THE BLOG

Celebrating the First Anniversary of the EU Ban On Animal Testing for Cosmetics

03/19/2014 03:32 pm ET | Updated May 19, 2014

This month, Cruelty Free International celebrated the one year anniversary of the historic complete ban on marketing of animal-tested cosmetics in all 28 nations that make up the European Union. From March 11, 2013, not only can no animal testing for cosmetics take place in the European Union, but new cosmetic products that have been tested on animals cannot be sold.

It was a long hard fought 20 year battle in the European Union making the victory all the more triumphant. Cruelty Free International has wasted no time in rolling out campaigns around the globe including the U.S., garnering celebrity support giving presentations at important industry conferences and meeting with key legislative offices including that of Congressman Jim Moran who, on March 5, introduced a federal bill, H.R 4148 the Humane Cosmetics Act, to end cosmetics testing on animals in the United States!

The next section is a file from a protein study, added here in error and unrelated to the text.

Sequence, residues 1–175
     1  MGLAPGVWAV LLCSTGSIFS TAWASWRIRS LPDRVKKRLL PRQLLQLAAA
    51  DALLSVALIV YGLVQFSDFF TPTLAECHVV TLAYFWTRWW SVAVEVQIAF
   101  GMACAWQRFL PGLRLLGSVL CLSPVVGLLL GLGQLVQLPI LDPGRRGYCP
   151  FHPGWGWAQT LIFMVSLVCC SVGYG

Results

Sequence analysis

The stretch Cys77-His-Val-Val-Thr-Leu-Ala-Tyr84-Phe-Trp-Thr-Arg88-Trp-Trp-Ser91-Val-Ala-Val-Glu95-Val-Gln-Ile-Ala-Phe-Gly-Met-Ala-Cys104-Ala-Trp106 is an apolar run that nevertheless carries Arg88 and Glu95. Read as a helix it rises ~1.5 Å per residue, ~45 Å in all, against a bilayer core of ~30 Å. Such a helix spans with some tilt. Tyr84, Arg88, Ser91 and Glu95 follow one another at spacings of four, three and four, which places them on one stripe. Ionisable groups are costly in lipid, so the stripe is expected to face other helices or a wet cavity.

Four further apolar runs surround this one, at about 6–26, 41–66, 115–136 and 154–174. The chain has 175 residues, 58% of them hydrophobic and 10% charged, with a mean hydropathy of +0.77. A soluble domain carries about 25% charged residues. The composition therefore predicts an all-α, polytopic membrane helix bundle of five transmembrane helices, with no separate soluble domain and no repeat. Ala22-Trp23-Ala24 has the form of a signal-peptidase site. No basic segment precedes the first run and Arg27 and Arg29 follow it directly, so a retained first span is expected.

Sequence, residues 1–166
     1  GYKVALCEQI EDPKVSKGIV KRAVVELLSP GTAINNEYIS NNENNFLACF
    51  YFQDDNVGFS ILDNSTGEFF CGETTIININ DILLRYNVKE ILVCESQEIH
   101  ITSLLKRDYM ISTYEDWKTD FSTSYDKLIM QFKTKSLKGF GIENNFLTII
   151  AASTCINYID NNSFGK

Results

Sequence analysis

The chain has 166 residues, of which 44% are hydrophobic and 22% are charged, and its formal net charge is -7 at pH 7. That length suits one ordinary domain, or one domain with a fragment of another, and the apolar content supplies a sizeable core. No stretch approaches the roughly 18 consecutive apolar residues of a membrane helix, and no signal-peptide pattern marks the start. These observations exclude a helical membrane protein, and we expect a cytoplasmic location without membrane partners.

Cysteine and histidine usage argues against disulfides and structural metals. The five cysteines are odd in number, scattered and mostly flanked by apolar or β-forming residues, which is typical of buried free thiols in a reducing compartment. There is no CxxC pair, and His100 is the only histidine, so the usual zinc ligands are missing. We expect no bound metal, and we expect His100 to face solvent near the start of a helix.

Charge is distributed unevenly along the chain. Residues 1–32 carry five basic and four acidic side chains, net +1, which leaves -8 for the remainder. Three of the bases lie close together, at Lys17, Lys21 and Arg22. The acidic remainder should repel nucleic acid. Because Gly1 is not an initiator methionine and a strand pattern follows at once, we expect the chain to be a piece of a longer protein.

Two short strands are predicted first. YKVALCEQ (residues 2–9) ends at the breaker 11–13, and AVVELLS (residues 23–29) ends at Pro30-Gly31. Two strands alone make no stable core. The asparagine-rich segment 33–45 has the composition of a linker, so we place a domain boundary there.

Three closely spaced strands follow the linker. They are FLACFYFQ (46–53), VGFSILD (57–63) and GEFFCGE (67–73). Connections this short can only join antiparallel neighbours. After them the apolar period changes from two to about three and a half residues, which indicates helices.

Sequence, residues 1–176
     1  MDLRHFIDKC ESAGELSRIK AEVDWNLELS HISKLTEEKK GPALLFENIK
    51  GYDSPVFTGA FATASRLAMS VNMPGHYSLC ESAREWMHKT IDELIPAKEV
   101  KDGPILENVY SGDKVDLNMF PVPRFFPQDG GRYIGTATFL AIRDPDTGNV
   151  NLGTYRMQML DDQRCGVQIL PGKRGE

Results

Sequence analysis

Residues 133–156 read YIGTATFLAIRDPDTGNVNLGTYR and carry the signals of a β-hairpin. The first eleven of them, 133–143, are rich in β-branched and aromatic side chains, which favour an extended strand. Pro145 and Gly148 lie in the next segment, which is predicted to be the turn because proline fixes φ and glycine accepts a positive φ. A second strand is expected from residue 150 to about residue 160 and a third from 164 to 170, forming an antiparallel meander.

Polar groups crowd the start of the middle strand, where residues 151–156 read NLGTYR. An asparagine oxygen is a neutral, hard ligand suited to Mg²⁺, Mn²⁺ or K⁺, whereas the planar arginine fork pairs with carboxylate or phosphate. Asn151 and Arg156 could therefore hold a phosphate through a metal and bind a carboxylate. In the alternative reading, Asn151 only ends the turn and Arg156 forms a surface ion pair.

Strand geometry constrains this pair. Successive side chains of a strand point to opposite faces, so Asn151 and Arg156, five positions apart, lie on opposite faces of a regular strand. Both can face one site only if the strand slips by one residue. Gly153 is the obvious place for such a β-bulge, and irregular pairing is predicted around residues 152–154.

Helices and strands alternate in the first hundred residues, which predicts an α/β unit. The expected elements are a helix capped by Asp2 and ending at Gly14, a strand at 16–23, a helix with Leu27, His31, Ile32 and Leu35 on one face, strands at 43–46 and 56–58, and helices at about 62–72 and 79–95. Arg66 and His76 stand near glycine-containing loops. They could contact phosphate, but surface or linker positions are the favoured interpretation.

Earlier this month we furthered our efforts in the United States and with Congressman Moran by hosting a Congressional briefing at the U.S. Capitol in Washington D.C. on March 11th in honor of the anniversary of the EU ban and Congressman Moran's leadership on the issue in the US.

Cruelty Free International is also charging forward in other countries including India, Russia, Australia, China, Korea, Brazil, Canada and ASEAN.

Nobody expects change to happen overnight but, no one can deny that EU ban has had a major impact on the industry and has proven that the world's largest cosmetics industry can thrive without the use of cruel cosmetics tests. This, coupled with a new ground-breaking scientific report on the alternatives to animal tests released by Cruelty Free International, provides a roadmap for Governments around the world to replace cruel cosmetics tests by December 2015.

Now more than ever, countries around the globe where animal testing is still allowed, including the United States and Canada, have the tools and incentive necessary to finally end animal testing for cosmetics.